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 According to "Volcanic Firearms: Predecessor to the Winchester Rifle", approximately 400 Smith-Jennings rifles were produced.
LOT 3006
Rare and Historic Factory
Engraved Robbins &
Lawrence Second Model
Smith-Jennings Repeating
Rifle - NSN, 54 cal., 26 inch
round bbl., blue finish, walnut stock. The Smith-Jennings was an
improvement on the Jennings design patented by Horace Smith of Smith & Wesson fame in 185
manufactured by Robbins & Lawrence who were also manufacturing other innovative firearms in the period, including the Sharps
rifles. The Jennings and the Smith-Jennings rifles are important in the evolution of Winchester lever actions. Their design and production brought together the talents of
Benjamin Tyler Henry, Horace Smith, Daniel B. Wesson, and others and were part of a series of design improvements that led to the Smith & Wesson and Volcanic lever action pistols and carbines
and then the Henry and Winchester Model 1866 through a series of incremental improvements. This rifle is the second variation or “Second Model” of the Smith-Jennings, also known as the “pregnant frame Jennings” in reference to the bulge at the bottom of the frame. Only an estimated 400 are believed to have been manufactured c. 1851-1852. It has a small blade front sight, dovetailed notch rear sight just ahead of the breech ring, a tubular magazine below the barrel, light scroll engraving, the “PATENT 1849/C.P. DIXON AGENT/NEW YORK” marking on the left, a ring trigger, and a walnut buttstock with an iron buttplate with stepped heel and an oval nickel-silver inlay with coordinating engraving on the right.
CONDITION: Fair with mostly dark brown patina overall, mild pitting, some heavier pitting on the hammer, and general moderate overall wear. The ring trigger is a professionally made replacement. The markings and engraving are mostly distinct. The stock is very good and has some minor edge wear, light scratches and dings, and smooth finish. The primer mechanism isn’t functioning, but the rest of the action appears to be mechanically function. This is a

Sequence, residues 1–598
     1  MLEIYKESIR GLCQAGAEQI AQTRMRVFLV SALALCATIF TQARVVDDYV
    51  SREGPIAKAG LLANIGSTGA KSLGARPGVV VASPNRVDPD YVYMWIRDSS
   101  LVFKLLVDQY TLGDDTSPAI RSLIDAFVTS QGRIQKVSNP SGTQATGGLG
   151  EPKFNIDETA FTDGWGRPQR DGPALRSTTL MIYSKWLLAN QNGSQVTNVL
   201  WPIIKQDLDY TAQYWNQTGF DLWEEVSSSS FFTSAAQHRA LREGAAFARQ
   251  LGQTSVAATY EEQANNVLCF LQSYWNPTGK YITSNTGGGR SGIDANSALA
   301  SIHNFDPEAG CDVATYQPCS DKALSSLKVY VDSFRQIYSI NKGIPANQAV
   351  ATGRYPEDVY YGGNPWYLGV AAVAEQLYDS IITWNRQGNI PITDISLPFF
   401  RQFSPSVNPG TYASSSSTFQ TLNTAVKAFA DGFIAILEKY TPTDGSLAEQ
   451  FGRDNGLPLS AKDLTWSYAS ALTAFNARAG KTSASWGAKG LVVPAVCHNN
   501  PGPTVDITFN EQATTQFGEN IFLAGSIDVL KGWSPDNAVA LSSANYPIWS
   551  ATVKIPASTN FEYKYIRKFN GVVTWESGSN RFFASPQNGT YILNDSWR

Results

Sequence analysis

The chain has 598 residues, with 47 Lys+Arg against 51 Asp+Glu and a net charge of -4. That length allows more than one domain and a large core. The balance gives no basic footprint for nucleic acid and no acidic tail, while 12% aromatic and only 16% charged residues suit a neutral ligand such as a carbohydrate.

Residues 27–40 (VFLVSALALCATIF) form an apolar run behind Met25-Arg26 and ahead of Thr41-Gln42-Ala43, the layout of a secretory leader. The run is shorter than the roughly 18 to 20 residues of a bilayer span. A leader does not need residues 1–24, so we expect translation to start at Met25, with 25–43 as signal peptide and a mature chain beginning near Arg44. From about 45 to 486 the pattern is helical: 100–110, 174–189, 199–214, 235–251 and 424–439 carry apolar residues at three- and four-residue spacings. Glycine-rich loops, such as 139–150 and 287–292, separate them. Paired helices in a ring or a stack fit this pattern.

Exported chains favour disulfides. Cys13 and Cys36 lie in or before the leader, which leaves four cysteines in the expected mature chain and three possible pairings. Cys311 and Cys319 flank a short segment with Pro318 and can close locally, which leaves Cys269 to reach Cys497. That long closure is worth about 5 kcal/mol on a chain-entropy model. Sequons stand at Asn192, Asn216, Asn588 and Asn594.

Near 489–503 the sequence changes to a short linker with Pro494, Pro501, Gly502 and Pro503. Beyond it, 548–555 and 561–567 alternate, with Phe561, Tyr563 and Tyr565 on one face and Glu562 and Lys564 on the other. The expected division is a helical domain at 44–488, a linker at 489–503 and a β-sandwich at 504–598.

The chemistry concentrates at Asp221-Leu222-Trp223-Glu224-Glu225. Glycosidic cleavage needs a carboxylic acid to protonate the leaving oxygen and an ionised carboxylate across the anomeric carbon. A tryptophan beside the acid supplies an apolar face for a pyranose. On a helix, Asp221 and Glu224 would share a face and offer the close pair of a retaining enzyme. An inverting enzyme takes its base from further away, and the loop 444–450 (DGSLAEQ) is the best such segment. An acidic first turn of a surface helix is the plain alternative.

rare and early American repeating rifle design that is historically significant Estimate: 9,500 - 16,000
in the development of both Smith & Wesson and Winchester and would be an excellent representative example in any American firearms collection.
According to "Volcanic Firearms: Predecessor to the Winchester Rifle", less than 1000 of all variations were produced.
LOT 3007
Scarce Documented Factory Engraved
and was
Jennings Breech Loading Percussion Rifle - Serial no. 341, 54 cal., 26
inch round bbl., blue finish, walnut stock. The Jennings rifles were the successor to the Hunt
epeating Rifle and were manufactured by Robbins & Lawrence in Windsor, Vermont, c. 1850-51. It is believed that less then ,000 of all variations were made despite an original order for 5,000. This particular variation is a First Model breech loading,
single shot rifle, and this example is pictured on page 13 of “Volcanic Firearms: Predecessor to the Winchester Rifle” by Edmund E. Lewis and Stephen W. Rutter and listed as from the latter’s collection. The rifle
utilizes a “Rocket Ball” cartridge which is loaded through the right side of the frame. A ring trigger operates the breech and automatic pill primer device which is no longer used on this version as it has been adapted for use with percussion caps by fitting a nipple. The magazine tube was made smaller in diameter and is used for carrying the cleaning rod. The Rocket Ball’s insufficient power made it impractical for hunting or military use which led to its lack of success and the small number produced. The action, trigger guard, and buttplate have light floral scroll engraving. The left side of the receiver is marked “ROBBINS & LAWRENCE/MAKERS/WINDSOR VT.” and “PATENT 1849/C.P. DIXON AGENT/NEW YORK.”“341” is marked on the lower tang, and the pictures in the book noted above indicate matching serial numbers are also on the internal components. It has a brass blade front sight, notch rear sight, brass tipped wooden cleaning rod, and a straight grip stock with an iron buttplate. CONDITION: Very good plus with strong traces of original blue, mottled gray and brown patina, some mild oxidation/pitting, scrapes at the edges of the frame, and distinct markings and engraving. The stock is very good and has a few cracks through the wrist, minor chips at the edges, and some scratches and dings. Mechanically fine. Provenance: The Stephen Rutter Collection; Property of a Gentleman. Estimate: 7,500 - 12,000
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